CIOs Seek Ways to Replace Legacy Systems


November 15, 2011 By

Former Oracle executive Kristin Russell used to be in charge of all the company’s data centers and worldwide computer operations. She was accustomed to technology being replaced every three to five years, a norm in the private sector. So when she decided to join Colorado Gov. John Hickenlooper’s administration earlier this year to serve as the state’s secretary of technology and CIO — her first government job — she was shocked by the condition of the state’s computer systems.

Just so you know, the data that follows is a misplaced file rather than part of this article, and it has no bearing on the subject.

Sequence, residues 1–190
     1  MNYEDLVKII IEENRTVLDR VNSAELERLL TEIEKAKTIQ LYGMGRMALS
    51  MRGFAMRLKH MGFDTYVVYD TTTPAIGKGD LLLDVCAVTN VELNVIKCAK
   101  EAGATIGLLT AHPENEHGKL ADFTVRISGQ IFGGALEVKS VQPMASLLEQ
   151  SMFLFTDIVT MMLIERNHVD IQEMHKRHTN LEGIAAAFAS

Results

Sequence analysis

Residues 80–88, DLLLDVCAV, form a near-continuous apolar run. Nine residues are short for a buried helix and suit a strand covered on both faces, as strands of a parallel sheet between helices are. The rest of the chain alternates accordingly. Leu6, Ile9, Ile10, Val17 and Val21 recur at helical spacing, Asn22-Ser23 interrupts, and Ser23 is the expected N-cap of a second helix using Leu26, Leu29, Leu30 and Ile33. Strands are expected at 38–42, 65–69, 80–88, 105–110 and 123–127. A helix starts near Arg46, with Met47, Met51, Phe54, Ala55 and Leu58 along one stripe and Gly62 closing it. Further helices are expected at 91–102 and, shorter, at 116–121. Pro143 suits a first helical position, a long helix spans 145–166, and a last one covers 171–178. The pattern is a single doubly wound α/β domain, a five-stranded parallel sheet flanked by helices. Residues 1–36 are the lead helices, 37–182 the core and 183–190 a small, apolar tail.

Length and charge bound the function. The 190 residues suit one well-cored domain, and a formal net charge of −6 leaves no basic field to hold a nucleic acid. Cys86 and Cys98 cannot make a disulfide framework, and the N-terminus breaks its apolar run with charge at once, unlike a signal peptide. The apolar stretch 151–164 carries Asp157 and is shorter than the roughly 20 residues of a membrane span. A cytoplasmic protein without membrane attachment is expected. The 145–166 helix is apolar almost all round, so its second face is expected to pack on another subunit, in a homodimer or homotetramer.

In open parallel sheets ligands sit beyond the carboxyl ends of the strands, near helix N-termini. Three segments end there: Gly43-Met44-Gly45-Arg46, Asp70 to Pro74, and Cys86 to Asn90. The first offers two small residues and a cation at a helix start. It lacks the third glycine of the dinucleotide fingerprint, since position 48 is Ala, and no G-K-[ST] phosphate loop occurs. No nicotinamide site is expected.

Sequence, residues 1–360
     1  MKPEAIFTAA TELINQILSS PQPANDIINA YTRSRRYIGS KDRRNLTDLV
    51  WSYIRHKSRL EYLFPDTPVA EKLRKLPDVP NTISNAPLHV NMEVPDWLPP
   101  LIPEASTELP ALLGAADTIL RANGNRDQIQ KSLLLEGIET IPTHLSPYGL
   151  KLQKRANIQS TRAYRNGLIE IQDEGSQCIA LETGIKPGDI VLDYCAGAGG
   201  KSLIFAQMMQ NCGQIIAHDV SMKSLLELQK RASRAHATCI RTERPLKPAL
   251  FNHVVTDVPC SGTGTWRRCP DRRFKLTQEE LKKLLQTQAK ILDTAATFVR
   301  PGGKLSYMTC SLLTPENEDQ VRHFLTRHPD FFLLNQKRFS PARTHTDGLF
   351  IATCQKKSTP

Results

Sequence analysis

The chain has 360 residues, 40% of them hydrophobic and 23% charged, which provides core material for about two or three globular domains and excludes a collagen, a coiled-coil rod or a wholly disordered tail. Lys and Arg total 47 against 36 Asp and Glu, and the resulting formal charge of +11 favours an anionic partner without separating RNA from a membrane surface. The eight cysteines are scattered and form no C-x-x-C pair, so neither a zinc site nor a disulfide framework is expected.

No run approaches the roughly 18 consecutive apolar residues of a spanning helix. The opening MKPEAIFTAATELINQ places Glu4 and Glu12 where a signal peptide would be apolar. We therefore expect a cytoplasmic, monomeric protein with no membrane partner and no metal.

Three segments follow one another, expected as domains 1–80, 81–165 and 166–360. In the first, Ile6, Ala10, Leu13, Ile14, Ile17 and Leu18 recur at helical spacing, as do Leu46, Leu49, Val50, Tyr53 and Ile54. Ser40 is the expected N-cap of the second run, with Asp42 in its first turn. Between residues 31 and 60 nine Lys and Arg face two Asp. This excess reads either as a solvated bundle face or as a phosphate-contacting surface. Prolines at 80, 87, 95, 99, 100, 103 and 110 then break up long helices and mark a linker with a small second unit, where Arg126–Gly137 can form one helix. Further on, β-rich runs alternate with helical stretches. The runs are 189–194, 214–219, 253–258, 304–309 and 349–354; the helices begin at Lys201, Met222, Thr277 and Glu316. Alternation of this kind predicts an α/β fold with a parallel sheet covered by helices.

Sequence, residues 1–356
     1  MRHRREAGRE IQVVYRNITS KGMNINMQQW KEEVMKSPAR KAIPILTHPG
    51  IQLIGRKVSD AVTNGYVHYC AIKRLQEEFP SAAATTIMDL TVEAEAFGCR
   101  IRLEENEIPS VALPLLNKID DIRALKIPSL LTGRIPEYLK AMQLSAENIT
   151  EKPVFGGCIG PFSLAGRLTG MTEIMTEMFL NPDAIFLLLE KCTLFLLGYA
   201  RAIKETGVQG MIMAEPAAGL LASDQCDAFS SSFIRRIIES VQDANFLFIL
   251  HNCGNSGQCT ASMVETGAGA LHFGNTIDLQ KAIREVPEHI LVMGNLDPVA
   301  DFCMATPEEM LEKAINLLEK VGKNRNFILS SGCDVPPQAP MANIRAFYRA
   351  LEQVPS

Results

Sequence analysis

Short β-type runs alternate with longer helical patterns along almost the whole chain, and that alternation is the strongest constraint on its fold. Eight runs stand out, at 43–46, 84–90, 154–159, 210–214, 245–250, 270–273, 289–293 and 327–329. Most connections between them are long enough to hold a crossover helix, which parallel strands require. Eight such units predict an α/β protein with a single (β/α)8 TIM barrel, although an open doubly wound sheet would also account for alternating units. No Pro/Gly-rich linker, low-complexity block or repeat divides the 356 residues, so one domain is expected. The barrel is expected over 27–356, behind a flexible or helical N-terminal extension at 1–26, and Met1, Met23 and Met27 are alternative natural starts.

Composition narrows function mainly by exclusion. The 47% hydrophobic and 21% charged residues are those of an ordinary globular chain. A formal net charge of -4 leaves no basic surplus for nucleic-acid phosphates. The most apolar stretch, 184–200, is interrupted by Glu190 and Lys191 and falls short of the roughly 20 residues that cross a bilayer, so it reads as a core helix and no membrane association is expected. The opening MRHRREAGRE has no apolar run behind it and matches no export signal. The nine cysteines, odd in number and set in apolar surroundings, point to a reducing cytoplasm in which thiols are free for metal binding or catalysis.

She learned that Colorado’s unemployment benefits system is 25 years old, its tax system is 23 years, and its titling system is 26 years old. And a recent audit found that the state’s financial reporting system, which processes $36 billion in expenditures annually, is at risk of failure. Russell’s discoveries confirmed an analysis two years ago of 200 of Colorado’s IT systems, which found that 77 of the state’s IT systems were more than 15 years old, and half had been around for at least a decade.

Many of these computer systems are coded in antiquated computer languages known only by the most senior of personnel — many of whom are set to retire in the next few years. The companies that built these systems in the first place no longer support them because the technology is so old, which drives up support costs with each passing year.

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